I left the realm of silence by the Rail.
From Paradise of Martyrs, by Thomas Cooper.
From the 1840s onwards, the steam-steeds’ arrival caused many turnpike trusts to slip into insolvency, the outcome being that the cost of road repair then fell on the very ratepayers who were paying the tolls to use them. Thus, from 1864 onwards, Parliament embarked on a programme of terminating turnpike trusts; any turnpike Act that had not already expired, been repealed or discontinued, could continue to operate no longer than 1st November 1886 unless Parliament declared otherwise.
The last turnpike trust — that managing the Anglesey portion of the Shrewsbury to Holyhead Road — expired on 1st November 1895. And so ended the turnpike era. Under an Act of 1878  a new class of road emerged. All former turnpike roads that had become public highways since 1870 were designated “main roads”, as were roads between “great towns” and those leading to railway stations.
Thomas Telford’s attractive two-story toll house at Llanfair PG, Anglesey. The Anglesey section of the A5 was the last public toll road in Britain until the M6 toll motorway opened in 2003. There were five toll gates, each with a toll house, at approximately five mile intervals between the Menai Suspension Bridge and Holyhead.
The principal weaknesses of the turnpike trusts lay in their financial structure. From the outset the heavy capital debt incurred in their creation had to be serviced, and by 1830 there were cases of unsuccessful trusts that had not paid interest on their bonds for 50 years. A further weakness lay in the absence of any central control over the trustees, who were often slow to appoint efficient officers. The treasurer would often keep toll receipts with his own money; there was little effective control over the collectors, who were often illiterate and unable to maintain accounts; and the process of mortgaging tolls was sometimes so inefficient that there was little income left for road maintenance. Ultimately, there was no practical method of holding a defaulting, hopelessly incompetent or dishonest turnpike trust to account. Subject to no official supervision or central control, under no inspection, rendering no accounts, a trust could use or neglect its powers as it chose; it could not even be prosecuted for letting its roads become impassable!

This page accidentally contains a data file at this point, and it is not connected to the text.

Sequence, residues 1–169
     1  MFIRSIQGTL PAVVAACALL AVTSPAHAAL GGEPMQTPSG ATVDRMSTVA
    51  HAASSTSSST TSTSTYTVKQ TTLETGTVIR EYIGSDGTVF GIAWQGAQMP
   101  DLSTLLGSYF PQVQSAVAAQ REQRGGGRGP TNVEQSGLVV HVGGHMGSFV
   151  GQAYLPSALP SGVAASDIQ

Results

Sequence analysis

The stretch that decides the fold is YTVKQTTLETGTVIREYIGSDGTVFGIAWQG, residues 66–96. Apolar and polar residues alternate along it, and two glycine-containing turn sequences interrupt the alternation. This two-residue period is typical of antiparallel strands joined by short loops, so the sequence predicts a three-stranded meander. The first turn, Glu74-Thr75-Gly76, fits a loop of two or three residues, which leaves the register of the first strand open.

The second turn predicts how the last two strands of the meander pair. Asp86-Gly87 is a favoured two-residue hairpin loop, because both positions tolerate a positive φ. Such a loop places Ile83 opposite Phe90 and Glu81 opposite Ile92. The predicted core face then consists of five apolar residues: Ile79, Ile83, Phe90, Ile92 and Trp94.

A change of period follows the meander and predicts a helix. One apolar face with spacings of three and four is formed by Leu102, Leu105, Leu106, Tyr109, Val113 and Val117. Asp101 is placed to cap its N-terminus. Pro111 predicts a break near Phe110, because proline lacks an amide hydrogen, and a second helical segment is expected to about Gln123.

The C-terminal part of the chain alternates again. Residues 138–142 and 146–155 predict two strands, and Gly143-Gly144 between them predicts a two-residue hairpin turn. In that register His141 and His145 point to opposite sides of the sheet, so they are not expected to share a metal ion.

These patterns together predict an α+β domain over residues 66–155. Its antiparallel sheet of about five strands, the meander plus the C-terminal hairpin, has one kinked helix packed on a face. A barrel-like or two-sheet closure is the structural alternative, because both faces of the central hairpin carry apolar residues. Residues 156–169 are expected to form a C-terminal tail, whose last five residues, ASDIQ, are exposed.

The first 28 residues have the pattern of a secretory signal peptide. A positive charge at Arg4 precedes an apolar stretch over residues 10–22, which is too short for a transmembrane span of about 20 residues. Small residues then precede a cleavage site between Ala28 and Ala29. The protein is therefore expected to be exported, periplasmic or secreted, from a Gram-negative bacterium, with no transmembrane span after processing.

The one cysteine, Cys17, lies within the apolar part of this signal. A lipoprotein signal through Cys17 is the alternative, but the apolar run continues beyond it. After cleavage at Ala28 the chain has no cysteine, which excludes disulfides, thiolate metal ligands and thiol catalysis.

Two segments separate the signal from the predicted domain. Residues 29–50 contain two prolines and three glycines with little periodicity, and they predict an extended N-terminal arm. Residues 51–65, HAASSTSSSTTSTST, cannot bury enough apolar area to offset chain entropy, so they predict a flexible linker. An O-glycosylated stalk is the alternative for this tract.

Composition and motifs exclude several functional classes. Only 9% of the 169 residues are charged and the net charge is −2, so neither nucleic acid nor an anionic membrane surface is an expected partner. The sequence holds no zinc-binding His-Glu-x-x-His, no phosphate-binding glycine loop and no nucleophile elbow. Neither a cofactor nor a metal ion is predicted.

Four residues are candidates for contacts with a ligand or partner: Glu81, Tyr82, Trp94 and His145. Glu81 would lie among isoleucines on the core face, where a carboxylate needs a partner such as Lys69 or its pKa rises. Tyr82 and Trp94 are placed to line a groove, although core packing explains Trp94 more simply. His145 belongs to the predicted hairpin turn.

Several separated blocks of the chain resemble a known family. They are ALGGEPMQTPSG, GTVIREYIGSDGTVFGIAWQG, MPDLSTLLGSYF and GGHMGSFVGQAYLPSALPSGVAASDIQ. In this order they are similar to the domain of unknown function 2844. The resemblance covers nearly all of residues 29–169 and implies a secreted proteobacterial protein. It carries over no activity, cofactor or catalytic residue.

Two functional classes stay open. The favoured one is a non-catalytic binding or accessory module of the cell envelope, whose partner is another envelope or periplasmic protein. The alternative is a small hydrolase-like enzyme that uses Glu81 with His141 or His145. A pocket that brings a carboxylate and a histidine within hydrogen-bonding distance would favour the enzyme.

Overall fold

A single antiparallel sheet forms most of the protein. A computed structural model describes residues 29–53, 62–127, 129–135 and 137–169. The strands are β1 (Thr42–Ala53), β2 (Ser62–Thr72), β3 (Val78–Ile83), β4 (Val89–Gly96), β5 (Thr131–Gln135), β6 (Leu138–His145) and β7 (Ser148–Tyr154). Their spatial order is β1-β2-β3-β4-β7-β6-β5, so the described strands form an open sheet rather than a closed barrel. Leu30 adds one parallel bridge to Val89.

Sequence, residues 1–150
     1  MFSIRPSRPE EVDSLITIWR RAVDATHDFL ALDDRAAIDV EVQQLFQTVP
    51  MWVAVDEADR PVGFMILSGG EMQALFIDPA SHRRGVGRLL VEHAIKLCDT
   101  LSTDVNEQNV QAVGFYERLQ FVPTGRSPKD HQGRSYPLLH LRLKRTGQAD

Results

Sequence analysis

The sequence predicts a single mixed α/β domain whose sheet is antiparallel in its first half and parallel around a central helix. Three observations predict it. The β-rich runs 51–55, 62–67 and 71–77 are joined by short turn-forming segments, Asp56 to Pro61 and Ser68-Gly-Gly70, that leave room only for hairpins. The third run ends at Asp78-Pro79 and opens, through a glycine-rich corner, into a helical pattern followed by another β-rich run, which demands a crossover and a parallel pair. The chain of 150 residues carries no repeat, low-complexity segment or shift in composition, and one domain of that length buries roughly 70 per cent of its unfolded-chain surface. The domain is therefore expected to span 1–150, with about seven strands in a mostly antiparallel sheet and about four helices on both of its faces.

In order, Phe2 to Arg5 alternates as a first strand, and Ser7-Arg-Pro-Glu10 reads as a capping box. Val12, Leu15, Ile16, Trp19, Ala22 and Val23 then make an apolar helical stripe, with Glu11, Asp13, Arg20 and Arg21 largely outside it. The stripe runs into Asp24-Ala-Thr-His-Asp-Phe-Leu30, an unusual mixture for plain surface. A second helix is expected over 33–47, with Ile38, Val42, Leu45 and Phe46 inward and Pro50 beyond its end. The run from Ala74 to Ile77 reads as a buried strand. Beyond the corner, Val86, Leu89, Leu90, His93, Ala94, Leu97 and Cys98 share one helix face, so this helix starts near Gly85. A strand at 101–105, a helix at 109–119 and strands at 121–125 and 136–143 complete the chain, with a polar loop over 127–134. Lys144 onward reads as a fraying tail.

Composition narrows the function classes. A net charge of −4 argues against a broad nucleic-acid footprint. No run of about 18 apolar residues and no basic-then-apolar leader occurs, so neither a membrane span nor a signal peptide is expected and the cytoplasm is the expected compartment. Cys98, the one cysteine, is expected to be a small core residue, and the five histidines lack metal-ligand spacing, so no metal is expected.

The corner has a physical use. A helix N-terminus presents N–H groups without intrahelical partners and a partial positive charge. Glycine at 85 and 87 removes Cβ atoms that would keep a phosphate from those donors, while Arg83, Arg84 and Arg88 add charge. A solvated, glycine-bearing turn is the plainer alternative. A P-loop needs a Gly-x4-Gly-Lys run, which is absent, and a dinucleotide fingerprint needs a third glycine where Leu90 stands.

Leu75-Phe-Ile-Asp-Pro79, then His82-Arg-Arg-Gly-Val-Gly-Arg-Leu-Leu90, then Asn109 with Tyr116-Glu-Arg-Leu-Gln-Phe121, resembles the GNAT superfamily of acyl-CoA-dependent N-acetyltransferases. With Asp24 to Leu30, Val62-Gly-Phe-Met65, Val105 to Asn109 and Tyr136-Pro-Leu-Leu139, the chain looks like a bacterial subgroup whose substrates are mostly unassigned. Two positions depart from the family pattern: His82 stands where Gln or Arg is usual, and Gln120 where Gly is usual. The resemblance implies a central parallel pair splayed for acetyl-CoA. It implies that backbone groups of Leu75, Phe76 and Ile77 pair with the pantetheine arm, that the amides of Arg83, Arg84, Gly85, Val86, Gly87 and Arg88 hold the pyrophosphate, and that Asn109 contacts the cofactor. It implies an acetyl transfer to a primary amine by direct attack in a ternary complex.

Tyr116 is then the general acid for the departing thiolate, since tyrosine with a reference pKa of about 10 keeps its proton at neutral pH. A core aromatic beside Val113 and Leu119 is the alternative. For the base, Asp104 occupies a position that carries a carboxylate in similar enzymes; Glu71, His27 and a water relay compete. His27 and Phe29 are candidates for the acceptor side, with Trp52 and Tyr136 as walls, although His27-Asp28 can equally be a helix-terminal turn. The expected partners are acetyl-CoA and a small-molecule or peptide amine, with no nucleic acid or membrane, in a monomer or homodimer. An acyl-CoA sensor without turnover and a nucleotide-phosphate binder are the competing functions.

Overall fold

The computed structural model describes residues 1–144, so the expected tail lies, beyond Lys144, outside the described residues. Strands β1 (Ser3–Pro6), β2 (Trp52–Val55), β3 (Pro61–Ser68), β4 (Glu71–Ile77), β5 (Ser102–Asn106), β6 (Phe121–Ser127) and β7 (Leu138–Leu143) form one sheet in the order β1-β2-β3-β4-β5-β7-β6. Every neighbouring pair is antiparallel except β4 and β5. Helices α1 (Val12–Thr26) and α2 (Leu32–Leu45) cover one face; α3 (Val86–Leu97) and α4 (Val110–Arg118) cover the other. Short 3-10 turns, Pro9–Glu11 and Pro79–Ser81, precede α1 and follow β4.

Despite their failings, the turnpikes halted the deterioration in the condition of main roads and slowly built up a network of reasonably well maintained highways that allowed road transport to move more quickly and reliably. In many cases the money raised by mortgaging toll income allowed investment in road improvement, even in building by-passes around bad sections of road. Although deadweight goods were still carried more efficiently by water, until the advent of the public railways road transport became the best means of carrying people, mail and light goods rapidly between the booming towns of the Industrial Revolution.
The move towards a modern system of road maintenance developed through the later nineteenth and early twentieth centuries as the result of a series of Acts of Parliament that progressively shifted this responsibility onto larger and more structured bodies.
The turnpike era reached its zenith around 1838, but there were in use many more miles of unturnpiked roads;
“. . . . we might easily have imagined that by this time the bulk of the roads throughout the kingdom had become turnpikes, and that the condition of such byways and country lanes as still remained under the jurisdiction of the parish Surveyor of Highways was of no importance. This was not the case. Out of a total length of recognised public highway in 1820 of about 125,000 miles, only about 20,875 miles, or little over one-sixth, was under Turnpike Trusts; and even by 1838 the mileage under Trusts had only increased to about 22,000, leaving, it was computed, no less than 104,770 miles, with an annual expenditure of more than a million sterling, under parochial control . . . . Even across rural parishes, especially in the eastern counties and in the south-west of England, many roads of more than local importance remained outside the network of the eleven hundred Turnpike Trusts.”